New GERD Surgery: BICORN Procedure

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New GERD Surgery: BICORN Procedure

A 40-year-old patient from Houston, Texas presented to Houston Heartburn and Reflux Center with persistent acid reflux related symptoms following a novel anti-reflux procedure. Patient has been struggling with severe acid reflux related symptoms like heartburn and food regurgitation for many years. He had poor symptom control with daily Dexilant and strict dietary habits. He underwent a new procedure for acid reflux called Bicorn, in Germany. Procedure was performed through tiny incisions and recovery was fast. Surgery consisted of standard hiatal hernia repair, but instead of a Nissen fundoplication, the angle of His was reconstructed using couple of sutures. The angle of His is an angulation present on the left side of esophagus as it joins the stomach. This angulation contributes to the anti-reflux barrier. As acid reflux develops, and hiatal hernia starts to form, the angle of His gets progressively obliterated. Phrenoesophageal membrane and right diaphragm crus are also part of the anti-reflux barrier anatomy. The phrenoesophageal membrane anchors lower esophagus sphincter to breathing muscle. The right crus creates a tunnel like hiatal opening that separates the intra-abdominal esophagus from the chest cavity. Both structures are stretched and thinned out as acid reflux progresses and hiatal hernia grows.

Restoring the angle of His, surgically (BICORN procedure) or endoscopically (TIF, GERD-X), short of doing a Nissen fundoplication is not enough to stop acid reflux. The anti-reflux barrier is not just an anatomical structure. Rather, it is a complex physiologic barrier that relies on esophageal motility, lower esophagus sphincter function and gastric motility. Lower esophagus sphincter function is probably the most important factor in preventing acid reflux. Transient lower esophageal sphincter relaxation, TLESR, as opposed to basal lower esophagus sphincter pressure, is the most common mechanism for reflux in both normal and GERD patients. Neither TLESR events are increased, nor is basal lower esophagus sphincter pressure decreased in acid reflux patients. Rather, GERD patient TLESR events are more likely associated with acid reflux leading to increased esophageal acid exposure. TLESR events are controlled by electric impulses generated in various parts of the stomach and possibly esophagus. TLESR dysregulation leading to GERD is not fully understood. However, any procedure or medication that reverses TLESR dysregulation is most likely to control GERD.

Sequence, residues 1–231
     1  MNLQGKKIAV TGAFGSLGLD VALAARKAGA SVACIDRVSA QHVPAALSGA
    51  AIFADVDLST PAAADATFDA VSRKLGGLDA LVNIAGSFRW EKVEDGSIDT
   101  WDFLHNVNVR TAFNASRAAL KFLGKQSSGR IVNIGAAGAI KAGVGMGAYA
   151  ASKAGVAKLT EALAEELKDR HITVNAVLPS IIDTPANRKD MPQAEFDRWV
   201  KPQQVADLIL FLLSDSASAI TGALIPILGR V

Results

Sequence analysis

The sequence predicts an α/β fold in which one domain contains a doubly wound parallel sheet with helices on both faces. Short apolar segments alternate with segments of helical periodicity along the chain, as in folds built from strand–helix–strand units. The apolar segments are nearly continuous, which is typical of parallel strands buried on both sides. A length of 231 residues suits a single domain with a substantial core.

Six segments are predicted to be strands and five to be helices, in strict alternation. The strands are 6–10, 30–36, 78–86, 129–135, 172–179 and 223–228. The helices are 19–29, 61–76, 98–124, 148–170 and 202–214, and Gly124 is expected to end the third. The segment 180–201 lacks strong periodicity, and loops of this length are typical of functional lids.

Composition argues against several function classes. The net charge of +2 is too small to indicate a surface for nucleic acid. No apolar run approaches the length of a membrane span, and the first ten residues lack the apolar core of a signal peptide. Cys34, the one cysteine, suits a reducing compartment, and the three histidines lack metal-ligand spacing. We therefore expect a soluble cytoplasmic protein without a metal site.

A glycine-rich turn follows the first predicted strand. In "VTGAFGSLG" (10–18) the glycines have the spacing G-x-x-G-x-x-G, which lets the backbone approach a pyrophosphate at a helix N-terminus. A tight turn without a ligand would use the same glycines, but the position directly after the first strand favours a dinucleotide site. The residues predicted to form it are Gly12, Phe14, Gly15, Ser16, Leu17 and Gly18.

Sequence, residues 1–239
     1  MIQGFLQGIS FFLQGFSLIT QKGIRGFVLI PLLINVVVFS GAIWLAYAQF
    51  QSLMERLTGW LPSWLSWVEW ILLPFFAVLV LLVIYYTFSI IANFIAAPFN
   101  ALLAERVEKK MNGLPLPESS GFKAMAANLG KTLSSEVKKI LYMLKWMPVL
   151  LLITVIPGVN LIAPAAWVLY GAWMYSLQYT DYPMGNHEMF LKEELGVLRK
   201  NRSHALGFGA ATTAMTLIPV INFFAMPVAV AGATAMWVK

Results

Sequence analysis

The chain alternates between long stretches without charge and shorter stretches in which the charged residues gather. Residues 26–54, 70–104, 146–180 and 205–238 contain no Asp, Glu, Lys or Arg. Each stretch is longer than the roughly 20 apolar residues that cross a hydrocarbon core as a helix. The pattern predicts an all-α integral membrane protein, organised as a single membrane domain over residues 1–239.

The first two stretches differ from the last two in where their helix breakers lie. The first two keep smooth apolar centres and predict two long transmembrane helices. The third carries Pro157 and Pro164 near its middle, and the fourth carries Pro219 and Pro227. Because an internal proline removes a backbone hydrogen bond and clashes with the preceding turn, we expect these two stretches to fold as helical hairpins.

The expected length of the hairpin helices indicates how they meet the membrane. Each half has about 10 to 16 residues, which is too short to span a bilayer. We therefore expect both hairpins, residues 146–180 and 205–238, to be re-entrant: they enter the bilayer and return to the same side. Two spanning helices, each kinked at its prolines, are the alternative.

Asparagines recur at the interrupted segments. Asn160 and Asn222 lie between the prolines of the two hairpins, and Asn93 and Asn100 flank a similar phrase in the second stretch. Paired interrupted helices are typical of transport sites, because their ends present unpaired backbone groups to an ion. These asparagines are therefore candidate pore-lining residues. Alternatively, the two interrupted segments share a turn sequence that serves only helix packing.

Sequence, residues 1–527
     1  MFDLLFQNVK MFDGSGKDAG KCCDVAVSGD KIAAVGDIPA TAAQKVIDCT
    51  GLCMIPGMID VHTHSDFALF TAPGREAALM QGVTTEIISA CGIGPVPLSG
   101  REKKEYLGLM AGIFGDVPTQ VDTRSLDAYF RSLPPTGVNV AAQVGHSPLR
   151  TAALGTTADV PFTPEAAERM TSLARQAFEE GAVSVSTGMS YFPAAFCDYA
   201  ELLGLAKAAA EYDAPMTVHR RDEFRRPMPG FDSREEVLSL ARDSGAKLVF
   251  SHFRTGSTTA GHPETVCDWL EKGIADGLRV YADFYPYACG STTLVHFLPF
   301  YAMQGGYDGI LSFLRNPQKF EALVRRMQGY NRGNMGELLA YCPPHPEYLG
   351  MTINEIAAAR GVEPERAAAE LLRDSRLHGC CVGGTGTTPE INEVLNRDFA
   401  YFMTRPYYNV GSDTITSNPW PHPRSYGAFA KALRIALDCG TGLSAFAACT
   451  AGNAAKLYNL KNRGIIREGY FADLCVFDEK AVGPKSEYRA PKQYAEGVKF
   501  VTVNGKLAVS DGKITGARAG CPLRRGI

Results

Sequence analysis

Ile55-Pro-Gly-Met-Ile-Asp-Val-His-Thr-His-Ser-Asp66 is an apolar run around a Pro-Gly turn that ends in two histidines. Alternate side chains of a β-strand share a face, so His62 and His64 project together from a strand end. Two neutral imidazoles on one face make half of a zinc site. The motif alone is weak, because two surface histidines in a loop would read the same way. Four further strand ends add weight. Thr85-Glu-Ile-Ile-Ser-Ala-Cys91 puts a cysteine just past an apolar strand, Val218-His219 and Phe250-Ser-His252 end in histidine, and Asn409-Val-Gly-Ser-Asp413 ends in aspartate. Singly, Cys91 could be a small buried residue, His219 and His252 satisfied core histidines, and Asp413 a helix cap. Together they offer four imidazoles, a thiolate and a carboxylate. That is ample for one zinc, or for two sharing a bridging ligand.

Several studies have shown that Nissen fundoplication surgery reduces TLESR events as well as the likelihood of acid reflux during TLESR leading to effective acid reflux control. BICORN procedure and hiatal hernia repair by itself without a wrap do not alter the physiology of the anti-reflux barrier leading to poor acid reflux control.

A properly performed hiatal hernia repair and Nissen fundoplication is currently the only anti-reflux procedure that addresses both anatomy and physiology of anti-reflux barrier. It is crucial, however, to find an expert acid reflux specialist to manage your acid reflux disease. Not all Nissen fundoplication surgeries are created equal.

If you struggle with acid reflux give us a call at 832-945-8717